Workplace bullying and American employment law: The state of research, education, and advocacy

I have posted an early draft version of a forthcoming law review article, “Workplace Bullying and American Employment Law: A Ten-Year Progress Report and Assessment,” which will appear in a symposium collection in the Comparative Labor Law & Policy Journal, published by the University of Illinois College of Law.  Here’s an abstract of the article:

This article details the early history of efforts to make American employment law more responsive to workplace bullying, covering a period roughly from 2000 to the present day, with much of the commentary grounded in the author’s personal involvement in these initiatives.  It starts by examining research, education, and advocacy efforts concerning workplace bullying and its legal implications.  It then explains the major provisions of the latest version of the Healthy Workplace Bill, model anti-bullying legislation drafted by this author that has been the basis of bills introduced in over a dozen states legislatures since 2003.  The article closes with an assessment of the future of legal and policy initiatives to protect workers against severe workplace bullying in the United States.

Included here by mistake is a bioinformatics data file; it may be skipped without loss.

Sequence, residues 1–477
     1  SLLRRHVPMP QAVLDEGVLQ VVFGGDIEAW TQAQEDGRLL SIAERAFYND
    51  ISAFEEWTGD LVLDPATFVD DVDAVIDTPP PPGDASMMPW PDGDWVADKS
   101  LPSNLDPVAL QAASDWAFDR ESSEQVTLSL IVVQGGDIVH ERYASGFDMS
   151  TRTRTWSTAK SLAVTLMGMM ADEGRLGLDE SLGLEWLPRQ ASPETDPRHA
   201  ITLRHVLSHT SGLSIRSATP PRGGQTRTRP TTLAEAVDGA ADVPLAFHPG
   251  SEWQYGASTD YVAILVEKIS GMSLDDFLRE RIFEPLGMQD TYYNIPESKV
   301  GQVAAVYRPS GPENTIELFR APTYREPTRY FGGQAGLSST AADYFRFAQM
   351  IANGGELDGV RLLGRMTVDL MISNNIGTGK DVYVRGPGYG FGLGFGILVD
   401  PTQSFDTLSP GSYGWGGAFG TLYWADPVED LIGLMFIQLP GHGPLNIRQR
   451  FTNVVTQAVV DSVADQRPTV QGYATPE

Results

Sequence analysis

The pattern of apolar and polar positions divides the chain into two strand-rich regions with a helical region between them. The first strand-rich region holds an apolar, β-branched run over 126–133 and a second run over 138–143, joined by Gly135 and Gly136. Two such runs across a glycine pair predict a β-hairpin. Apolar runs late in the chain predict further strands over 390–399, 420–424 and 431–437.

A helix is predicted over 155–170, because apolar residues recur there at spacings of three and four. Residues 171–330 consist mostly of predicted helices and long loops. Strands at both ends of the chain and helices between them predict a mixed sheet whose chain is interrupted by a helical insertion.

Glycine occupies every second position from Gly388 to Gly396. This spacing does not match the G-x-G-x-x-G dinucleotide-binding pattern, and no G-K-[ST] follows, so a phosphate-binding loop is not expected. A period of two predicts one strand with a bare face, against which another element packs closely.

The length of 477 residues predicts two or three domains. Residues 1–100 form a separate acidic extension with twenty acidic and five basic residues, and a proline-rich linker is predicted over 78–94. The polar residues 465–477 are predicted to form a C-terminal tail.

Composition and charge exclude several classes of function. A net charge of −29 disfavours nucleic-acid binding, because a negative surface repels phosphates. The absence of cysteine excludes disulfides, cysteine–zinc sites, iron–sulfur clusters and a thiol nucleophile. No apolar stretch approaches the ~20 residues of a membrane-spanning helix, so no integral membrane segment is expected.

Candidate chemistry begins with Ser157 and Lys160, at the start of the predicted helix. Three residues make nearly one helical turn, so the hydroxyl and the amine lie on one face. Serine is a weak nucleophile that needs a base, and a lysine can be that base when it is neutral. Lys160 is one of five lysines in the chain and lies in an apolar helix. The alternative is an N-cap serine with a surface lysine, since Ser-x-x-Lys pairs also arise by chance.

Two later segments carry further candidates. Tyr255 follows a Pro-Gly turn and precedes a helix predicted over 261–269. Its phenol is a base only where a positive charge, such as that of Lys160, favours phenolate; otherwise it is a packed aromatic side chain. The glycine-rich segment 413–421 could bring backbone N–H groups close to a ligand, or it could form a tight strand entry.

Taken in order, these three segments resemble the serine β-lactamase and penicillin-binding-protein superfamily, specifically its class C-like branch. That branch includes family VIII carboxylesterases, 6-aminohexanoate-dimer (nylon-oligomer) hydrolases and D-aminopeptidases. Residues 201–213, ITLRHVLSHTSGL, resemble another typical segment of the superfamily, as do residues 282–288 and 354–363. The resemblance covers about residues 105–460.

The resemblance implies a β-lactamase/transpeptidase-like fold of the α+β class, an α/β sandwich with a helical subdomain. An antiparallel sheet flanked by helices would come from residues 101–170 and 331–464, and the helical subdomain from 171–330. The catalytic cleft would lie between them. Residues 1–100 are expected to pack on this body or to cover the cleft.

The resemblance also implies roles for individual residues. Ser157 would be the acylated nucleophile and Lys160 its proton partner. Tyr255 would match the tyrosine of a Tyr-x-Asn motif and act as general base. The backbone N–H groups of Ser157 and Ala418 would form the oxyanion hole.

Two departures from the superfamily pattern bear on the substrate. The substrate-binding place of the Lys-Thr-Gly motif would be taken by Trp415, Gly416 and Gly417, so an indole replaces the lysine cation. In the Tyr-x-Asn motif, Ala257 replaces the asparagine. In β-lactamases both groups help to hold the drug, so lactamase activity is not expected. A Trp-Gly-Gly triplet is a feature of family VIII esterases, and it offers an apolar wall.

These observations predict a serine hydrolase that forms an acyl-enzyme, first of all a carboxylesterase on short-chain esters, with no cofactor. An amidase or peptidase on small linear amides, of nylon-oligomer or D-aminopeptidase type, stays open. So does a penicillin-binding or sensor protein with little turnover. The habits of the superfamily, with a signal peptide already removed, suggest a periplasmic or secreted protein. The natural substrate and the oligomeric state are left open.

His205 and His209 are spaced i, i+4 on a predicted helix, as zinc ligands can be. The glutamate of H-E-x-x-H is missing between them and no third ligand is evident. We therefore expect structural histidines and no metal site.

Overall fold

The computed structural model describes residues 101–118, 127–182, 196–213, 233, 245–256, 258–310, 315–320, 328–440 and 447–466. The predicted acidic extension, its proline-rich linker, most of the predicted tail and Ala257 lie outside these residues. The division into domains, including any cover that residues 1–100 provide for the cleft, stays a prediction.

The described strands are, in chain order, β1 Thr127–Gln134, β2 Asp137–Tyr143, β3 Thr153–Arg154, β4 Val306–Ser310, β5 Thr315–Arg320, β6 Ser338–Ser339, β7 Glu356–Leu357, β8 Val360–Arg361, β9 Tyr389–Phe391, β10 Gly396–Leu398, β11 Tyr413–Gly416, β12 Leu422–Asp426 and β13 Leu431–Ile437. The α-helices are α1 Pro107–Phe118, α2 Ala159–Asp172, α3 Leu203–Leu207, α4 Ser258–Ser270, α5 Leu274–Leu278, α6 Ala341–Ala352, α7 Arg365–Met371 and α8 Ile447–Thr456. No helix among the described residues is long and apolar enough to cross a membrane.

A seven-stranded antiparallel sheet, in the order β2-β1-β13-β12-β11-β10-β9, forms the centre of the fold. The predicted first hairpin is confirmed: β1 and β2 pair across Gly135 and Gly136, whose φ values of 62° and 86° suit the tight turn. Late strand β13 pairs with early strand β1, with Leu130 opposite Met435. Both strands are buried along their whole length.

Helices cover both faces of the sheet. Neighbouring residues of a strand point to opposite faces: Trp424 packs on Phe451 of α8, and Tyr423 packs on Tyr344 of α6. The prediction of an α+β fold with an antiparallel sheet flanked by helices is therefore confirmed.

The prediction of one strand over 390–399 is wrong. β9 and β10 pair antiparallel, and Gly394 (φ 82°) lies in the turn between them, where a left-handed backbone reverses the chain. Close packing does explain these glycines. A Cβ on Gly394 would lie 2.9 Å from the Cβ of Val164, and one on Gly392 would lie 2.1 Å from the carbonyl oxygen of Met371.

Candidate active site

As law review articles go, it’s relatively short and attempts to cover a lot of ground.  It’s the most complete summary of legal and policy initiatives related to workplace bullying in the U.S.  The article still needs to go through the journal’s editing process, but the information contained in it should be useful to anyone who wants to know what progress has been made during the past decade and where we have to go from here.

Link to freely downloadable pdf of the article:

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